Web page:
Since the cost of shipping was low, it didn’t matter where things were made or grown. Beef could be raised in Argentina, and shipped to Ohio. Shoes could be made in China from rubber bought in Brazil, and sold in New York. Entire industries simple got up and left the United States. All we have left is the rust belt. Small farms couldn’t compete, factories closed, and lost of small towns and cities started to look like ghost towns. Lacking an economy of real substance, we tried the service economy, the information economy, and finally an economy based off speculation of the markets. All of them have proven to be more or less BS.

As peak oil drives the cost of nikes and corn flakes up, people will start looking for local solutions. (I hope.) This could lead to the return of small, local markets with locally produced food. It could mean making more of the goods usually produced overseas domestically again. It could be good for a lot of reasons. Maybe people will start seeing the need for decent public transportation again.

Of course, for people who have to drive everywhere and shop at Wal-Mart, it’s gonna suck. Wal-Mart had record profits this year, but I’ll bet they’re going to have a hell of a time in doing business 10 years from now.







Are you kidding? Oil companies are not causing high oil prices, and neither is OPEC. Higher demand + less production = inflation. Trying to blame someone is a bad idea and NOT a solution. America needs to get over it's cheap energy joy ride and start working towards a better system.

in regards to the last paragraph: it's not that basic in terms of just simple inflation but you're right i misspoke regarding it being purely a profit issue that's not what i meant.
 

Ironslave

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Warning* rant follows.....


Cheap oil more or less destroyed small town America and took away a substantial part of the economy.

Since the cost of shipping was low, it didn’t matter where things were made or grown. Beef could be raised in Argentina, and shipped to Ohio. Shoes could be made in China from rubber bought in Brazil, and sold in New York. Entire industries simple got up and left the United States. All we have left is the rust belt. Small farms couldn’t compete, factories closed, and lost of small towns and cities started to look like ghost towns. Lacking an economy of real substance, we tried the service economy, the information economy, and finally an economy based off speculation of the markets. All of them have proven to be more or less BS.

As peak oil drives the cost of nikes and corn flakes up, people will start looking for local solutions. (I hope.) This could lead to the return of small, local markets with locally produced food. It could mean making more of the goods usually produced overseas domestically again. It could be good for a lot of reasons. Maybe people will start seeing the need for decent public transportation again.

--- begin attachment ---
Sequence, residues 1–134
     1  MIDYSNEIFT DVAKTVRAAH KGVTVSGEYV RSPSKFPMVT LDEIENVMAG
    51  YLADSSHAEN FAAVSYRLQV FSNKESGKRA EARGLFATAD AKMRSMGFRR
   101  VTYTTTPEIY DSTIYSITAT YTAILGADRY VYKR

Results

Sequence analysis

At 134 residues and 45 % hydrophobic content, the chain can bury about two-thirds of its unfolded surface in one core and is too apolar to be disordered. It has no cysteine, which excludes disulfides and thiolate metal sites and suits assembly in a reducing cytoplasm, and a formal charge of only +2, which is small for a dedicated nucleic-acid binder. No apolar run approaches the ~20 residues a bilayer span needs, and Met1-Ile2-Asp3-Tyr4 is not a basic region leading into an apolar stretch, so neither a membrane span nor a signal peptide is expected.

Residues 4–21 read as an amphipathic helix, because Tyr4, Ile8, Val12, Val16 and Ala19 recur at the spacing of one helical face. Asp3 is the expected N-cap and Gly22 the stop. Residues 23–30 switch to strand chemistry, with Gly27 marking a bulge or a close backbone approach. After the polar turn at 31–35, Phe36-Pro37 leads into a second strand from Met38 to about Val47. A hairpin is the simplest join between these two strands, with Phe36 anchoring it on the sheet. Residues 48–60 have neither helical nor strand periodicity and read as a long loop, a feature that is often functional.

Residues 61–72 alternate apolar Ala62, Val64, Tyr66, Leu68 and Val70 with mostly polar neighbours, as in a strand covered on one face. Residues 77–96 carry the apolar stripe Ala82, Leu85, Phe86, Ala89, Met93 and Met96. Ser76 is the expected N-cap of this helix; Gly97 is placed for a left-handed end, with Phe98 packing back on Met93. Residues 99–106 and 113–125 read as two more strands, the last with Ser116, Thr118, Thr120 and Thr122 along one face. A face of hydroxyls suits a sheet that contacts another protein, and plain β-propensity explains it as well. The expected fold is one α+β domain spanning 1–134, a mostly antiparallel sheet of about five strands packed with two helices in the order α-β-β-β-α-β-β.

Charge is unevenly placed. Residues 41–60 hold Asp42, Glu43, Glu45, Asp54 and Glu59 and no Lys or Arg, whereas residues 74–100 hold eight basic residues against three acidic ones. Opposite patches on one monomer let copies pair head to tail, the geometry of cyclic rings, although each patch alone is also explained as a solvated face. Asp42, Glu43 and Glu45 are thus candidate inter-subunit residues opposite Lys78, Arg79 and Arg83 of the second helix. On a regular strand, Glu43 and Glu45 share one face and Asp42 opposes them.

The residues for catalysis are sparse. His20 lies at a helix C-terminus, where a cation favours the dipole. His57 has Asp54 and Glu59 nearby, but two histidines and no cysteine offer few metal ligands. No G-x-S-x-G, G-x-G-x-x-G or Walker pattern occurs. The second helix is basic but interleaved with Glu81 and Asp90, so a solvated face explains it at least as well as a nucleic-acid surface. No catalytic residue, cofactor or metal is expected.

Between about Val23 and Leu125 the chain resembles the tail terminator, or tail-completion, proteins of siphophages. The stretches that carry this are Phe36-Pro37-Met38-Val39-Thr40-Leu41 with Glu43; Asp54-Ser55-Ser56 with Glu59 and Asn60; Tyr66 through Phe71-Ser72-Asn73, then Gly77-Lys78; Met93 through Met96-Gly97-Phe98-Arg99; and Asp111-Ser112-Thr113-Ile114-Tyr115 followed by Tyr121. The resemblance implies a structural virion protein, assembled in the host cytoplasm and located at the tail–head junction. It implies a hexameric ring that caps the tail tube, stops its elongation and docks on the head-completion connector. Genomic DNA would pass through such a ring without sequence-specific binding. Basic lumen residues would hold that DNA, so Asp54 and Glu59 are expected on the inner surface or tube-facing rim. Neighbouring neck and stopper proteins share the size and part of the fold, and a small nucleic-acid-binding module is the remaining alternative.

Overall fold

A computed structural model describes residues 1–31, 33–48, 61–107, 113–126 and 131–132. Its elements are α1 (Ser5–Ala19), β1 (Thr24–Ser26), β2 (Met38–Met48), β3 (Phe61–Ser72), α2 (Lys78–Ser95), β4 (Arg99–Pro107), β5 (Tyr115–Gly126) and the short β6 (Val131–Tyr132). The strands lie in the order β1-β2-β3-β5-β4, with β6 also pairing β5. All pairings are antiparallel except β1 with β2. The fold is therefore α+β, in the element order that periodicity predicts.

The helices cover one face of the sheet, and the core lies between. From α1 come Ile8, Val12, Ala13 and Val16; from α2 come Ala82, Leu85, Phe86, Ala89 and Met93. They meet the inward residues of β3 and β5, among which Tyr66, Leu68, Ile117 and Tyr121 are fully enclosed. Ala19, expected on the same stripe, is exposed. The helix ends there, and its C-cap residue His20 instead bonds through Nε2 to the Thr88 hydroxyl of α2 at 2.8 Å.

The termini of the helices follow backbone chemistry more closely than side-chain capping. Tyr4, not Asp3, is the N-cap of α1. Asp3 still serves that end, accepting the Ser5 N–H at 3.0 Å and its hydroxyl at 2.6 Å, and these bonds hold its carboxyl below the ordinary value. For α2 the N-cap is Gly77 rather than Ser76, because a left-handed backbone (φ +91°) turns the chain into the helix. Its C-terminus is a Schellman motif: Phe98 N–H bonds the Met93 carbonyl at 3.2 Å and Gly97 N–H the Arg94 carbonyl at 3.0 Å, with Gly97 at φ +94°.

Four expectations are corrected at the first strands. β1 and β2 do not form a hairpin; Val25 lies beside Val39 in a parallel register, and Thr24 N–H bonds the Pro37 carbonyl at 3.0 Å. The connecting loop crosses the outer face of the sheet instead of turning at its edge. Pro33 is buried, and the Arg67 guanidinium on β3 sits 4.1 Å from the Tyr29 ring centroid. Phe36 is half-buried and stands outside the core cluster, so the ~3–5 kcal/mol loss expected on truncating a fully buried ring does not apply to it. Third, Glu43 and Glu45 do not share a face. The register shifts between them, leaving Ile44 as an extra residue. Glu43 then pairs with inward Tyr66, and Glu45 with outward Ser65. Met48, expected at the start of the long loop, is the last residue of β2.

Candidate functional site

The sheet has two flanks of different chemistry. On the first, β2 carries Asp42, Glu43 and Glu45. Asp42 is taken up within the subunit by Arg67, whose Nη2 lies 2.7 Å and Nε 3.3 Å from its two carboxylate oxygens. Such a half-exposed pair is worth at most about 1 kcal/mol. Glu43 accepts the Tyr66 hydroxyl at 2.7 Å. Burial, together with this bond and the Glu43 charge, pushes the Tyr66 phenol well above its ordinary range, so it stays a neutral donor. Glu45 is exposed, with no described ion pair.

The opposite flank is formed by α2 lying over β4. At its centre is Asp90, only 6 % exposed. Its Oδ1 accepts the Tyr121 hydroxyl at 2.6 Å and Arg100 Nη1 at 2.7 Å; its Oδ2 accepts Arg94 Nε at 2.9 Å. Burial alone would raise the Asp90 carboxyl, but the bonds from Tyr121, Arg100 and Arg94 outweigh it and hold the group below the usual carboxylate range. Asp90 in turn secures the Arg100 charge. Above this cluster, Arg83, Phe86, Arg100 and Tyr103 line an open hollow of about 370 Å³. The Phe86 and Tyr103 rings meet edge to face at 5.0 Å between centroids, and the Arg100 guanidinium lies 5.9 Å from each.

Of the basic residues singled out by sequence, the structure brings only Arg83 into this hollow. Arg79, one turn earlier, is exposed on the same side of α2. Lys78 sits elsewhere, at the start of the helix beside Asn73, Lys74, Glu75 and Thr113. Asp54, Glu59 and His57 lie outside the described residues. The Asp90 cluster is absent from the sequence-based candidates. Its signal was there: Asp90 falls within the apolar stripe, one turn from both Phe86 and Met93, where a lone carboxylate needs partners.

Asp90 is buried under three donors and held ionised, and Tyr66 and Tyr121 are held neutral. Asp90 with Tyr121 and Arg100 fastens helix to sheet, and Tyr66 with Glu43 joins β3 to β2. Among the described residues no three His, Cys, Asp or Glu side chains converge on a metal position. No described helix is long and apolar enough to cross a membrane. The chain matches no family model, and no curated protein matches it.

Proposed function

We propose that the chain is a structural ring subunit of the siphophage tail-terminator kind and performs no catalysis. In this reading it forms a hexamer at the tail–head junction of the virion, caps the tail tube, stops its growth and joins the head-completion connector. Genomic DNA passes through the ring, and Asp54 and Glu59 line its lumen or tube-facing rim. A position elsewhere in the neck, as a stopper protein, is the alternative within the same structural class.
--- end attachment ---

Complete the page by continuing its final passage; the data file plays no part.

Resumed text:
Of course, for people who have to drive everywhere and shop at Wal-Mart, it’s gonna suck. Wal-Mart had record profits this year, but I’ll bet they’re going to have a hell of a time in doing business 10 years from now.

Interesting points. Will the higher price of oil though necessarily promote the creation of industry in the United States? I think the problem was that it was, and remains, cheaper to get various imports from a country like China, which is due to both the conditions many of the factories there have for their workers, but also their advanced productivity. I guess I could see your point though that if shipping gets much more expensive, there would be less incentive to pay higher costs of shipping from abroad.

I think the problem is also that the rising cost of oil would still make things very difficult on anyone who is making anything, including a service like local farming and such, since oil is needed for example, to drive the machinery, be used in many of the pesticide/fertilizer, and so on.

Are you kidding? Oil companies are not causing high oil prices, and neither is OPEC. Higher demand + less production = inflation. Trying to blame someone is a bad idea and NOT a solution.

I'd agree it's not likely the main cause, but I wouldn't rule it out as a factor, especially with regards to government connections, such as the Bush/Cheney families have with the oil industry.

America needs to get over it's cheap energy joy ride and start working towards a better system.

I doubt you'll get much disagreement on this point from anybody :xyxthumbs:
 

lifterdead

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Interesting points. Will the higher price of oil though necessarily promote the creation of industry in the United States? I think the problem was that it was, and remains, cheaper to get various imports from a country like China, which is due to both the conditions many of the factories there have for their workers, but also their advanced productivity. I guess I could see your point though that if shipping gets much more expensive, there would be less incentive to pay higher costs of shipping from abroad.

You're quite right. High oil prices may not necessarily bring back industry to the U.S., although I suspect it will influence the return of some small scale business.

I think the problem is also that the rising cost of oil would still make things very difficult on anyone who is making anything, including a service like local farming and such, since oil is needed for example, to drive the machinery, be used in many of the pesticide/fertilizer, and so on.


Definately. Ever hear of the three F's? Fertilizer, food, fuel? I think industry will function on a vastly reduced scale. My best friend once remarked that only the Amish won't be bothered by high oil prices, haha. Seriously, even the Amish go to town to shop. This particular point is an issue of contention here at my university. Many hippies want to use peak oil to further their "green" cause, I think. I'm all for healthy, organic food but I don't see American society going back in time.